Site Logo  Venice
Iíve put off writing this page for ages, I donít think Iím bad with words but need to be on top of my game to do Venice justice, not in some ways the most beautiful city in the world but in many ways definitely so, refreshingly unique and one of those places people really really should visit.
There are places I like more, you could almost say I have to be objective about Venice to be fair because in some ways Iíve never quite had a good enough time there. Once when I went it was so crowded I could barely move, another time I had no coat and it felt at least about minus 10. Another time I went I missed my train back and had to wait in the station until the middle of the night. And every time I went the place was full of tourists.

None of this is Veniceís fault, I suppose you could say itís not the cityís fault itís beautiful just in the same way you could say itís not Vivaldiís fault he was gifted. One has to do what one can, and Venice makes the most of an enviable predicament, languishing in the top two or three most visitable cities in the world and suffering the dreadful dignity of being just about the most fascinating place on Earth, and water (simultaneously). Itís a hard life!

Many of the websites online would do a better job of selling Venice than Iíll try to here, and as Iím not going to try to the theory checks out. Instead, within the context of trying to live in Italy as a local and not an ex-pat, I ventured over to Venice not as a tourist but as a visitor. It was almost the neighbouring town, and while Italian cities have always had very distinct cultural definition, I felt I had enough in my toolbox to do get the job done the Italian way.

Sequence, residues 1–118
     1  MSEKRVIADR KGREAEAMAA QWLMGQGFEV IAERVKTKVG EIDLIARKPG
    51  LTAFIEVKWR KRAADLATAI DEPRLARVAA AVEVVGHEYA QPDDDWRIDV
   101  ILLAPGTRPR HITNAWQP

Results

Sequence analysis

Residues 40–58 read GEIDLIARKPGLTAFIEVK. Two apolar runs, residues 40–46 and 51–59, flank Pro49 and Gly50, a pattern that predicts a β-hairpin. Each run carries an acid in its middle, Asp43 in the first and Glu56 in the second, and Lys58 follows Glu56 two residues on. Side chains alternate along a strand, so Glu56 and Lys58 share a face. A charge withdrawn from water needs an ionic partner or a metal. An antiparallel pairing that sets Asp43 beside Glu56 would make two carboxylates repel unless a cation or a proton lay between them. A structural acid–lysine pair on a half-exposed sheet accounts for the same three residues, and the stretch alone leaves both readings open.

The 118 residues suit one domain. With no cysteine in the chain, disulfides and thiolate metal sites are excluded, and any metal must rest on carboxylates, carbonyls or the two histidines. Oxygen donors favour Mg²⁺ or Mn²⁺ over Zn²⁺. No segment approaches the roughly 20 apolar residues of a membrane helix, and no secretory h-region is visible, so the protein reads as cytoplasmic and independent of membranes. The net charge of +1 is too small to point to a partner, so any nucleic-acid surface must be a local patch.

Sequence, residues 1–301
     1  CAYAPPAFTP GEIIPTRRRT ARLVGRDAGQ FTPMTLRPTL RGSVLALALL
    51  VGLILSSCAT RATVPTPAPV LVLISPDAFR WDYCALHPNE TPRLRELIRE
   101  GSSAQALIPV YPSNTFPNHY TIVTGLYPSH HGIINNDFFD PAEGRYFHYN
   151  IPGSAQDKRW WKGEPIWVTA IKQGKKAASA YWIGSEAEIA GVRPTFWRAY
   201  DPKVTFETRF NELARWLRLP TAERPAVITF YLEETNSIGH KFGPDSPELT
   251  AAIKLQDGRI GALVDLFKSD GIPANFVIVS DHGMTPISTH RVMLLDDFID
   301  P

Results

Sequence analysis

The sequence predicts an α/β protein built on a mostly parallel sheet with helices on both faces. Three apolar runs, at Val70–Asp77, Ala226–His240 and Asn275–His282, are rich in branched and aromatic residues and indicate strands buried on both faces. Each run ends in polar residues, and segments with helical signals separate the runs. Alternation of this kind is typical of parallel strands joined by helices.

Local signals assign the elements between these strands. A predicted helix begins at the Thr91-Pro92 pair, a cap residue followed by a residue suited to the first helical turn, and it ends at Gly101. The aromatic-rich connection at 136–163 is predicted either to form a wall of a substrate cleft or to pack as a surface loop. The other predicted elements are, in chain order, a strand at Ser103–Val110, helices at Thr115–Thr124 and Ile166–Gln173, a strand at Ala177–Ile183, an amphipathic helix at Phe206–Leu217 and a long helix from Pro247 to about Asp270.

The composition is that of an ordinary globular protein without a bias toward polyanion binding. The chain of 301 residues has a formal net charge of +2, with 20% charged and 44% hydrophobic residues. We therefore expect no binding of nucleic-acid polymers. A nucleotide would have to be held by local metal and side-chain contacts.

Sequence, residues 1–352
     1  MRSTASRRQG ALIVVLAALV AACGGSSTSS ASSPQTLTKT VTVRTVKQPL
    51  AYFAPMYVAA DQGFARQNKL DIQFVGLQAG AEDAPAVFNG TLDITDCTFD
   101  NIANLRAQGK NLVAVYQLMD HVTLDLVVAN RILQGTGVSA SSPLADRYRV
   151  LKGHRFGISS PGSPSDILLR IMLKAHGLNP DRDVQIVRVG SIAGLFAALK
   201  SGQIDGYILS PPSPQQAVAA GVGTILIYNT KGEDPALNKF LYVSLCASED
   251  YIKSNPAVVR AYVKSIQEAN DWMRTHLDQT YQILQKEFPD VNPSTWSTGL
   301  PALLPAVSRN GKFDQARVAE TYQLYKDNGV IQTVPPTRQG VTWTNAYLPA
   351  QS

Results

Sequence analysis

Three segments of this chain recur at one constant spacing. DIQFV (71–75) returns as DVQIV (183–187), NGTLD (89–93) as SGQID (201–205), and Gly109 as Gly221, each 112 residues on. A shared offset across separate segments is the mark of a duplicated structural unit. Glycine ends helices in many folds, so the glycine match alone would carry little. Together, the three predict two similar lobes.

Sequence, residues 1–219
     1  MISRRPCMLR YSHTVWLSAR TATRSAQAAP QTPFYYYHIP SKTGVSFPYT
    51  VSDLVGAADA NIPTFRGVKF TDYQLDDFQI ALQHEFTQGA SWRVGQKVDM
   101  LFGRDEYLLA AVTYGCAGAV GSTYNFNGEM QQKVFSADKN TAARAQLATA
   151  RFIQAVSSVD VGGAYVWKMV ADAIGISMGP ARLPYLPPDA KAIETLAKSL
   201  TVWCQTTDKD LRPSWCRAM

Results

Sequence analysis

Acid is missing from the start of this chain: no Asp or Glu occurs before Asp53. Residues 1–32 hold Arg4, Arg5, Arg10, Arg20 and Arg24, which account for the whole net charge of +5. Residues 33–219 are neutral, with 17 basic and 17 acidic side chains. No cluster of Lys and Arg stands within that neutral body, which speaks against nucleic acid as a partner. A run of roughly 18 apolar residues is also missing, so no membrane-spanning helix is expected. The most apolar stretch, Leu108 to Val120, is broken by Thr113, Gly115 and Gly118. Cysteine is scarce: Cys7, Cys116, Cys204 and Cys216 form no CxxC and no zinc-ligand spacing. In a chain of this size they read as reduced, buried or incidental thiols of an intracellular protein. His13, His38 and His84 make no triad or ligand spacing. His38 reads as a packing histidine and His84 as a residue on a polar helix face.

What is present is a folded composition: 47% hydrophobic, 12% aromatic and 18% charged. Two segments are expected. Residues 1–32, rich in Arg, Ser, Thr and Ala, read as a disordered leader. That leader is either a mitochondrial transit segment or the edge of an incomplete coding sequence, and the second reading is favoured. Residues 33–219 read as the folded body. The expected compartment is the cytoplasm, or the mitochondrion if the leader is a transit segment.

I was right, and wrong. The tourist trail is full of people who come into contact with tourists so inevitably know how to speak to tourists. In the absence of a sign or printed T-shirt declaring myself otherwise I could only really expect the tourist treatment. I got it. Fairís fair, this is how they make their living.

Meanwhile, just a few paces from the packed quads and main walkways can be found dinky town squares with a whole different feel to them, where Venetians sit and chat about Venetian life, where the occasional lost tourist ambles through taking photos and remarking to themself how theyíre glad theyíd strayed off the beaten track. Here I was more in my element, I was back in Italy, not just geographically and architecturally but socially and culturally, everybody round me was Italian again, it felt good.
Venice has a population of some 200,000, not therefore a sleeping village with a mere single relic of historical interest, but a living city with its own identity which may well coexist harmoniously with the tourist industry but which remains, for its own survival, quite apart from it. I am more fascinated by the thought that people live and work there than by the bridges and squares, by the fact that they have motor boats than by the fact I can go on a gondola. I wonder at the secrets locals must know, the information they donít pass on to tourists.

The carnival season is a good time to go, the masks are a great statement of commitment to their traditions and people are understandably fascinated by them. I wonder at what the carnival must have been like before the age of the mass movement of holidaymakers. Obviously, without tourism, Venice would seem very deserted, but it would be nice to experience it for what it is, the real Venice. Getting lost among trattoria and in secluded piazze is the best way to get a sense of this now, sadly not a happy nostalgia in many ways, and even this proud city is becoming a product of the modern age.
Having said this, I intend to teach in Italy again someday, and Venice, as opposed to Mestre, would be quite a temptation.